If you consider electronic invites to be too informal, consider eco-friendly invites made from recycled paper. Some varieties even come with seeds embedded in the paper, so the recipient gets some pretty flowers along with their invite.
Many party decorations are also traditionally made from plastic. The worst offenders are balloons, which lead to waste and can be very bad for the environment, especially if they are released outdoors. For better options, make decorations yourself from recyclable cardboard or thick crafting paper. Or, if you're too busy to DIY, take a look at eco-friendly decorations from Green Party Goods. They even have biodegradable balloons in a variety of colors and patterns!
Birthdays are an exercise in giving, which should be a good thing. But for the kids (and especially parents) on the receiving end, it can be overwhelming. Kids often leave birthday parties with a heap of brand new plastic toys to add to their already enormous stockpiles. Oftentimes, kids only request one or two items that they really want, but since everyone feels obligated to bring a gift, clutter and waste naturally happen.
The first step to fixing this problem is talking with your child. Tell them that they can request a certain number of presents and make a note of those items. Then simply explain to them that since they only want one, two, or three things, but they have many more people than that coming to their party, it would be good to think of something else for them to bring, other than gifts. Maybe they can bring extra healthy foods for guests to enjoy. Or maybe they can bring donations for a charity of you and your child's choice.
Another aspect of gift-giving that can leave parents rightfully frustrated is wrapping paper. Though most varieties are biodegradable, it is still a lot of unnecessary waste. Since your child will be choosing their own gifts ahead of time, simply keep them in a hidden place in your home (or if they were purchased by a guest, ask them to leave off the wrapping and hide it as soon as they arrive) until it is time to give them to your child. Kids don't usually care about the fancy wrapping anyway; they are after what's inside! So this traditional party aspect can be cut entirely.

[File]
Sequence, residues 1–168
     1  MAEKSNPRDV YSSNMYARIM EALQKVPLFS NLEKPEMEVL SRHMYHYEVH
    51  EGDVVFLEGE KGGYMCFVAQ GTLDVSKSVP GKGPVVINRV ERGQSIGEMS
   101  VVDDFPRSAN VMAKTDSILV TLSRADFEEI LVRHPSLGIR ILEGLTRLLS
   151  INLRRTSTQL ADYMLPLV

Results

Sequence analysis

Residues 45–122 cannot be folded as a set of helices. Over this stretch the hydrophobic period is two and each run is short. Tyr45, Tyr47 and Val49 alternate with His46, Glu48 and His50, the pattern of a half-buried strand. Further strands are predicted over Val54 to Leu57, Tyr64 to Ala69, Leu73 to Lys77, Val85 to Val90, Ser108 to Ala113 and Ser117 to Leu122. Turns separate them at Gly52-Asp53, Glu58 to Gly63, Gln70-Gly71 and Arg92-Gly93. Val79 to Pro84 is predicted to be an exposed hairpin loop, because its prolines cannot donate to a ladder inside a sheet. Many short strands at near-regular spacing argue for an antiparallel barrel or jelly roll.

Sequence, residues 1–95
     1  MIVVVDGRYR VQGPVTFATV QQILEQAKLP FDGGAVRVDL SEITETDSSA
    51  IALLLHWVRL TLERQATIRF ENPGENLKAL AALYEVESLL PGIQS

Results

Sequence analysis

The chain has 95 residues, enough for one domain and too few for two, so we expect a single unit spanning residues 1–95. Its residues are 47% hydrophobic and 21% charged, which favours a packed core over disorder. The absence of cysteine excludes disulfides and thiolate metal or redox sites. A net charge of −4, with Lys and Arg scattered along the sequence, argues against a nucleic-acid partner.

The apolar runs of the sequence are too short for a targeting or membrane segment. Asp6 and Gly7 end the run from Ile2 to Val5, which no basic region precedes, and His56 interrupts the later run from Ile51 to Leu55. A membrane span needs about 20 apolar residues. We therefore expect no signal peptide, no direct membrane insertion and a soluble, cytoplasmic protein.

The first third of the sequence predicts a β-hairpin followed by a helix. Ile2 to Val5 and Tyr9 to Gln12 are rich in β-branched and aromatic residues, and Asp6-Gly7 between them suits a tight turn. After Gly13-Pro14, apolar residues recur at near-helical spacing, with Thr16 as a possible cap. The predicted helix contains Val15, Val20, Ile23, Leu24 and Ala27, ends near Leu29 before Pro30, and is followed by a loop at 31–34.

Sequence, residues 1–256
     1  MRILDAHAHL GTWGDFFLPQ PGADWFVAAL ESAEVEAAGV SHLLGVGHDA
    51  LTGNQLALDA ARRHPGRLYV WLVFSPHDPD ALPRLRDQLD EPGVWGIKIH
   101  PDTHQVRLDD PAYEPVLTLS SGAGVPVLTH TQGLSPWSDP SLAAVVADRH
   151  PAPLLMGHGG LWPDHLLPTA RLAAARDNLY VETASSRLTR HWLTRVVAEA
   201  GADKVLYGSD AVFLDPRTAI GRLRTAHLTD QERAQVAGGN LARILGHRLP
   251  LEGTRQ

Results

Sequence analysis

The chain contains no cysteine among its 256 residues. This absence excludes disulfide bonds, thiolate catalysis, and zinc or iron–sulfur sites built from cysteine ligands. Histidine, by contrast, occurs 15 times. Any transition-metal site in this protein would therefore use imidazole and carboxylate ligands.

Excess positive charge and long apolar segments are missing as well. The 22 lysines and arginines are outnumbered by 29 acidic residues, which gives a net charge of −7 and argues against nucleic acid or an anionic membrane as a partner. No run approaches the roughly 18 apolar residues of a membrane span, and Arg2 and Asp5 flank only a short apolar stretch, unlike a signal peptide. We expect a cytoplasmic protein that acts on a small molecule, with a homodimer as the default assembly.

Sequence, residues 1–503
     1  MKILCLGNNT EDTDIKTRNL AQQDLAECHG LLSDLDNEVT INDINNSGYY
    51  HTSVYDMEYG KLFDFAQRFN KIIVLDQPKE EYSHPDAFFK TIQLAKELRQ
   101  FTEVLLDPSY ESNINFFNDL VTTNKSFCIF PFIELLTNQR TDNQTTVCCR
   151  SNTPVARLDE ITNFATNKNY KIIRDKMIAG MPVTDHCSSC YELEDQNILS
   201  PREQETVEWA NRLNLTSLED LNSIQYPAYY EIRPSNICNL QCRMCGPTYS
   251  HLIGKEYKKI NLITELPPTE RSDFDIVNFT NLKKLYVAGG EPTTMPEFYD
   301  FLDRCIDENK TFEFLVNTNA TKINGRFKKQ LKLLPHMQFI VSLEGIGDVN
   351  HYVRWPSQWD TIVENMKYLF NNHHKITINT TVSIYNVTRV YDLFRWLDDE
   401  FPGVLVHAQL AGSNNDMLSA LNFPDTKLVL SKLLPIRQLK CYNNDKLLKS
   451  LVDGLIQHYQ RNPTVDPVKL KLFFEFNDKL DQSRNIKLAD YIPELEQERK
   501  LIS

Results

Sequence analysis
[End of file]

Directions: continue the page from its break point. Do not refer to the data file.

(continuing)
Talking to your guests and your child is key to the success of an eco-friendly party. If your child has had traditional parties in the past, they may need to be reassured that nothing important will change. Party guests will need to know your protocol on gifts, and it wouldn't hurt to give them a heads up about the food either, simply so they know what to expect.
It is important to present the idea of an eco-friendly party as an improvement, not an inconvenience or a wild new idea you've had. Be proud of the fact that you are teaching your child about the importance of our planet and giving to others, even on a day that is mainly all about them!